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Sternoclavicular Joint Injury


- See: Adolescent SC Joint Injury

- Anterior SC Dislocation:
    - more common than posterior dislocation;
    - closed reduction is usually not successful;
    - persistent prominence is usually present but not of functional significance;
    - atraumatic dislocation:
           - no specific treatment is required, as the natural history is relatively good;
    - traumatic dislocation: some patients may have pain and loss of function;

- Posterior SC Dislocation:
    - rare injury;
    - medial end of the clavicle cannot be palpated;
    - be aware that soft tissue swelling may cause the false impression of an anterior dislocation;
    - may cause delayed venous congestion or tracheal erosion;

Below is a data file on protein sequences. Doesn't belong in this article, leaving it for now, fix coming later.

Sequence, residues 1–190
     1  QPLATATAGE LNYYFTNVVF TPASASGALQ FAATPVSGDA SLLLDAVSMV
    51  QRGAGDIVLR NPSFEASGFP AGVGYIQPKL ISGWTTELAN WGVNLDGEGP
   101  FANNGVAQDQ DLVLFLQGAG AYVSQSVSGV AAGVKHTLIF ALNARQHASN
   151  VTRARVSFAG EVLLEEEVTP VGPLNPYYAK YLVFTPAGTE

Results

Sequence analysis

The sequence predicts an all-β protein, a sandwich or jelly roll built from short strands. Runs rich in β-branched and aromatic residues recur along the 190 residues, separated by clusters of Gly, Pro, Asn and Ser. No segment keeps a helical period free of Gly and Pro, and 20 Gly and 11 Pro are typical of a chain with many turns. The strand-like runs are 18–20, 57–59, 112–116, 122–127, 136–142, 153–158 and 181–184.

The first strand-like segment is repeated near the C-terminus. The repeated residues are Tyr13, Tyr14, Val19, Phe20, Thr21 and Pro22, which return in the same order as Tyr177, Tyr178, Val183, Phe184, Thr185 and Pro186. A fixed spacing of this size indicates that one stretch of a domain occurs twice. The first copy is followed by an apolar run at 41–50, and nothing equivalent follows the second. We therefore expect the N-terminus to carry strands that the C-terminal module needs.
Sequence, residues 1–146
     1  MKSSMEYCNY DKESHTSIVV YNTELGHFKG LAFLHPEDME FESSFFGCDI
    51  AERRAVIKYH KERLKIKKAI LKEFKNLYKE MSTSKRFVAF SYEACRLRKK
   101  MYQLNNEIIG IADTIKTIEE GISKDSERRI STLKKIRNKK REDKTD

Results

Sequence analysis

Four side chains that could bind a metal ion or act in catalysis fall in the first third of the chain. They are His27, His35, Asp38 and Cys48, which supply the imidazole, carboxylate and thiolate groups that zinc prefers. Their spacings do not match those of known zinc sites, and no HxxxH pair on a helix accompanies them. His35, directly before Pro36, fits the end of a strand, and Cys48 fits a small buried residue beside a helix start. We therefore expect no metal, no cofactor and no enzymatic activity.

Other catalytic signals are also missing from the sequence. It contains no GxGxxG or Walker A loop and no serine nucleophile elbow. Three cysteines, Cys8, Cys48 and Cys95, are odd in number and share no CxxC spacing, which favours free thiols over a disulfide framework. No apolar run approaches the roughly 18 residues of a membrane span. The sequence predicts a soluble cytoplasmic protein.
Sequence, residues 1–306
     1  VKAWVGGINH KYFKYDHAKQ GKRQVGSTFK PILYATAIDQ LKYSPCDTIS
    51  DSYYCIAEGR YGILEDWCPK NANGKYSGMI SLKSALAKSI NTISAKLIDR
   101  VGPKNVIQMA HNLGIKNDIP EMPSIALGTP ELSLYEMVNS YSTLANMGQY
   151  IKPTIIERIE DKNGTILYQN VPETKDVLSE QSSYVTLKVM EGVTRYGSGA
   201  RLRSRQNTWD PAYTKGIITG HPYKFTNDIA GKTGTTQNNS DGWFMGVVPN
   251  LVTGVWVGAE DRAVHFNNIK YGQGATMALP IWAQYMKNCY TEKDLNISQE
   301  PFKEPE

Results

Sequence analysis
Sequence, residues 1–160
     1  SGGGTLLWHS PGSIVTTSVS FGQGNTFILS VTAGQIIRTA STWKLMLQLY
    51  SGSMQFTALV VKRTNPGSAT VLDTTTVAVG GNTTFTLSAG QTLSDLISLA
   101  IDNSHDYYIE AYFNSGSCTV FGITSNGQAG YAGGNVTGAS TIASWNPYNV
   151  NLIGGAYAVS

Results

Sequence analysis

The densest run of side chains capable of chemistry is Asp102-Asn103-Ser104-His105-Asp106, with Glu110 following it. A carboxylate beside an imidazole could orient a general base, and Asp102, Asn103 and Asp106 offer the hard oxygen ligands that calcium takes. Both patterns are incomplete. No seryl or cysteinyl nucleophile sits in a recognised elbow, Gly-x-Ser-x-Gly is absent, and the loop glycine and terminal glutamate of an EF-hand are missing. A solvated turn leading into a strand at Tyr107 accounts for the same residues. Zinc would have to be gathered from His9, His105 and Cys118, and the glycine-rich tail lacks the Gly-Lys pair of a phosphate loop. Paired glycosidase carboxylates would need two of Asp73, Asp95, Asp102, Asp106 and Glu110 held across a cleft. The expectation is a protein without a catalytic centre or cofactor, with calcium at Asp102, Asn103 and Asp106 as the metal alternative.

- attempts should be made at closed reduction which are successful in many cases;
    - if closed reduction fails, then operative intervention is warrented;

- Radiographs: 40 deg cephalic tilt view;

- CT Scan: most reliable test to determine subluxation;

- Resection Arthroplasty:
    - after making an oblique skin incision over the SC joint, the periosteum is carefully elevated off the joint;
    - an oblique osteotomy is made (proximal-lateral to distal medial), w/ the osteotomy being made medial to the costoclavicualr ligaments;
    - it is essential to preserve the costoclavicular ligament inorder to maintain stability of the medial portion of the clavicle in relation to the manubrium and to the first rib;
    - hazards:
            - superior displacement and instability of the medial clavicle



Resection Arthroplasty of the Sternoclavicular Joint.   

Short-Term Outcomes After Surgical Treatment of Traumatic Posterior Sternoclavicular Fracture-Dislocations in Children and Adolescents.

Femoral and lower costosternal junctions' osteitis in an adult with SAPHO syndrome: An unusual presentation.

Biomechanical analysis of reconstructions for sternoclavicular joint instability.

Ligamentous restraints to anterior and posterior translation of the sternoclavicular joint.